It was 34C and the humidity made the air pungent and sticky. The New Zealand women's track cycling team sat in a sterile concrete corridor beneath the grandstand of an empty velodrome, and gently sipped on bottles of iced water.
Lauren Ellis unzipped from the clingy grips of her lycra top. Alison Shanks sucked on a squidgy brown energy supplement made almost entirely of refined sugar. It comes in a plastic wrapping and is sweeter than maple syrup, probably best avoided if you're not an elite athlete.
Dripping with sweat and having so far completed a full gym session, a 20km ride to the velodrome and ninety minutes of sprinting practice, the women prepared for an hour's ride home. One couldn't blame them for feeling a little reluctant, but such is a typical day's training for those pursuing Olympic glory.
Kutztown, Pennsylvania is a University town. It's quaint, small and pretty, with leafy streets and a by-law that prevents chain outlets from building McDonalds and KFC restaurants on the main drag. Its permanent population is a smidge over 5000, which triples when Kutztown University is in session. And for the last four or five years, the summer population has been plumped up that little bit more by the arrival of New Zealand's best cyclists.
It's a slick operation. During the US summer break BikeNZ rents a few blocks of otherwise empty student flats and splits up its riders and support teams. The flats aren't suntraps and the interior colour motif's pretty dull. But they work. The girls cook their own meals, wash their own clothes and watch TV together in the evenings. Several days a week they drag huge fans into their lounge rooms and train indoors on specialised cycling machines. Vitally, they each have their own space. And it's not as though Kutztown's nightlife provides too many distractions. It's not Vegas. Or New York. Or New Plymouth even.
Kiwi cyclists first trained in Pennsylvania more than a decade ago. The Trexlortown Velodrome is apparently the most popular velodrome in the US and its summer meets give visiting cyclists regular opportunities to train or compete with local talent. The local commentator speaks warmly and familiarly of New Zealand competitors. And sitting outside the admin block is an old car apparently abandoned by Kiwi cyclist Graham Miller more than 15 years ago. Out of respect it's never been moved.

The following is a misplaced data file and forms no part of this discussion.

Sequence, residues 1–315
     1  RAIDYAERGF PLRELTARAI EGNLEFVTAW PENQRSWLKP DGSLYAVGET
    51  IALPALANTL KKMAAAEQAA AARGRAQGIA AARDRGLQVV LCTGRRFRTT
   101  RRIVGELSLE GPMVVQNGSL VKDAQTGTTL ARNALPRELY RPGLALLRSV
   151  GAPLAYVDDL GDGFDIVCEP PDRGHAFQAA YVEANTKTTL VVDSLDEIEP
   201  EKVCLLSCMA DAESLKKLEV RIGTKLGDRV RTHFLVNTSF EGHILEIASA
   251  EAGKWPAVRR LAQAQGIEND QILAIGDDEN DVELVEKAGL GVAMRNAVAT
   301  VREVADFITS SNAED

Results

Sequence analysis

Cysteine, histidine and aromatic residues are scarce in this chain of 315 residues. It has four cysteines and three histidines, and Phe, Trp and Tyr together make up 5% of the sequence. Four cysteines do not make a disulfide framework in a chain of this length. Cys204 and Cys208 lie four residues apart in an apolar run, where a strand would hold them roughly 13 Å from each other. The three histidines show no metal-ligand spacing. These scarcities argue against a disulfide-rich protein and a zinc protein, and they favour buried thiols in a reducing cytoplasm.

The infrastructure and training facilities suit. The housing suits. And for the hours they spend slogging along backcountry roads, Kutztown's locals provide some unusual sights.
The area is home to large Amish and Mennonite communities, religious conservatives with German origins who continue to live the relative simple life. Street signs warn of horses and carts. Postcards carry pictures of women in full-length dresses toiling under blazing suns in shade-less fields. The local shops even have a special pole outside, to which to tie your horse.
So as the New Zealand Women's team turned for home after a gruelling day of training, they needed only look at the view to appreciate that relatively, life wasn't so tough. Sure, they were tired. But they hadn't been ploughing fields since dawn. Sure, the lycra was tight and everyone was sweaty. But they weren't in dresses and scarves. And sure, they faced a long haul along 40 kilometres of winding roads to get home. But at least their two-wheelers have gears.
Different strokes and all that.
Read more Jack Tame opinion here